Demaree method

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In beekeeping, the Demaree method is a swarming prevention method. It was first published by George Demaree (1832–1915) in an article in the American Bee Journal in 1892.[1] Demaree also described a swarm prevention method in 1884, but that was a two-hive system that is unrelated to modern "demareeing".[2]

As with many swarm prevention methods, demareeing involves separating of the queen and forager bees from the nurse bees. The theory is that forager bees will think that the hive has swarmed if there is a drastic reduction in nurse bees, and that nurse bees will think that the hive has swarmed if the queen appears to be missing and/or there is a drastic reduction in forager bees.

The Demaree method is a frame-exchange method, and as such it is more labour-intensive than methods that do not involve rearranging individual frames. It requires no special equipment except for a queen excluder. In this method, the queen is confined to the bottom box below the queen excluder.

The method relies on the principle that nurse bees will prefer to stay with open brood, and that forager bees will move to frames with closed brood or with room for food.

In the modern Demaree method, the queen is placed in the bottom box, along with one or two frames of brood (but containing no open brood), as well as one or two frames of food stores, and empty combs or foundation. A queen excluder is placed above the bottom box, thereby restricting the queen to the bottom box but allowing bees to move freely between the bottom box and the rest of the hive. The original hive, along with all open brood, is placed above the queen excluder. The method works best if the nurse bees are remove far away from the queen. The distance between the queen and nurse bees can be increased by placing the brood nest at the very top of the hive, with the honey supers between the brood nest and the queen excluder. If any swarm cells are present, these must be destroyed by the beekeeper. The relative absence of queen pheromone in the top box usually prompts the nurse bees to create emergency cells. After 7–10 days, the beekeeper destroys the emergency cells, and then either removes the queen excluder (thereby ending the "demaree") or repeats the process a second or a third time until the swarming impulse is over.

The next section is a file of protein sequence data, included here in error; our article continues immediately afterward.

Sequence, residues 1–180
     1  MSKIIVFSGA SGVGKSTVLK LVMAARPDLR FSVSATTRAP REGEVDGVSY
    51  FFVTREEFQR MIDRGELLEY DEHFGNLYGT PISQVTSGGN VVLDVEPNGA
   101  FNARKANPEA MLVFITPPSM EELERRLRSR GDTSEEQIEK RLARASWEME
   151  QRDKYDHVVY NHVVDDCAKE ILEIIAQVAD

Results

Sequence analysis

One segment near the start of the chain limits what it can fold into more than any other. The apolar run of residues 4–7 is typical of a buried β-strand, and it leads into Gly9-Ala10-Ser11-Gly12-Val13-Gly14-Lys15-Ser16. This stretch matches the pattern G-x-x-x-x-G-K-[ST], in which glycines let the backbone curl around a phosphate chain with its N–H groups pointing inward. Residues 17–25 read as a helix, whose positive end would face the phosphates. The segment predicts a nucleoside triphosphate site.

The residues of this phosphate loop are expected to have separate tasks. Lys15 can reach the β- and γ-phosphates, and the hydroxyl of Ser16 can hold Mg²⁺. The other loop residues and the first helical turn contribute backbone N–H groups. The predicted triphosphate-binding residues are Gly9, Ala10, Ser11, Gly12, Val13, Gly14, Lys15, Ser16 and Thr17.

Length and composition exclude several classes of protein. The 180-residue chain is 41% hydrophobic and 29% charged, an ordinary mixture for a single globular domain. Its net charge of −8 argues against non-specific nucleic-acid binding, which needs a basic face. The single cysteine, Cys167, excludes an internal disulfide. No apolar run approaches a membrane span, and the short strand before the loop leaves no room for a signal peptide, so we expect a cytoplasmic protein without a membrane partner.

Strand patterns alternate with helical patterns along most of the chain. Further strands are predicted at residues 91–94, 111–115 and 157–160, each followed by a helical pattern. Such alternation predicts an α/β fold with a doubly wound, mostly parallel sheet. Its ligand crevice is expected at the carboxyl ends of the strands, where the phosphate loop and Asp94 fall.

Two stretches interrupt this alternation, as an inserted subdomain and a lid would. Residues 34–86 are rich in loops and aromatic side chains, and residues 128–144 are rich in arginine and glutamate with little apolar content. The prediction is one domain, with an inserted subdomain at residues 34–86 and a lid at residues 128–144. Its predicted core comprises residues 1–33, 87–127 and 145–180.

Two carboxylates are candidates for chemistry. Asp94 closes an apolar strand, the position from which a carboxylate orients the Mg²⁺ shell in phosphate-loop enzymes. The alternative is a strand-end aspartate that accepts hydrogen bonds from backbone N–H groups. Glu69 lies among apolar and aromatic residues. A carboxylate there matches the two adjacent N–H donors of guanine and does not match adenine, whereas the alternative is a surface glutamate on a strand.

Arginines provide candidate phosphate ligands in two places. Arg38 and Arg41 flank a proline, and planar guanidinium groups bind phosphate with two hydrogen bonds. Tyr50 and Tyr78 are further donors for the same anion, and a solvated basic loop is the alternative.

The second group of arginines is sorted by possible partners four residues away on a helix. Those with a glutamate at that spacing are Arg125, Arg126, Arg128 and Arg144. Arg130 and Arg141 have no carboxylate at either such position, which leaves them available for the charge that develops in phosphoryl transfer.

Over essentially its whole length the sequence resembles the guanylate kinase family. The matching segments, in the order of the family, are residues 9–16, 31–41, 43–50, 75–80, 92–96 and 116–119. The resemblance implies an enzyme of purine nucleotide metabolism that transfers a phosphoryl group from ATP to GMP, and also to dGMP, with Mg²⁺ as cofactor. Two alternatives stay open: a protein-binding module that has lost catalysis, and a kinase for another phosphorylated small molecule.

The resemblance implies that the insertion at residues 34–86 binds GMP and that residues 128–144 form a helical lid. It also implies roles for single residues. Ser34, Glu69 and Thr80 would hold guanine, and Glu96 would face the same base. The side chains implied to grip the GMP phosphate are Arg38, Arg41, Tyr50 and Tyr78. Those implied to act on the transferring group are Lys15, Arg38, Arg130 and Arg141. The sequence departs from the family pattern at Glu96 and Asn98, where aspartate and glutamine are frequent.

The Demaree method makes it possible to retain the total colony population, thus maintaining good honey production. The technique has the advantage of allowing a new queen to be raised as well.

References[edit]

  1. ^ American Bee Journal, 1892, page 545
  2. ^ American Bee Journal, 1884, page 619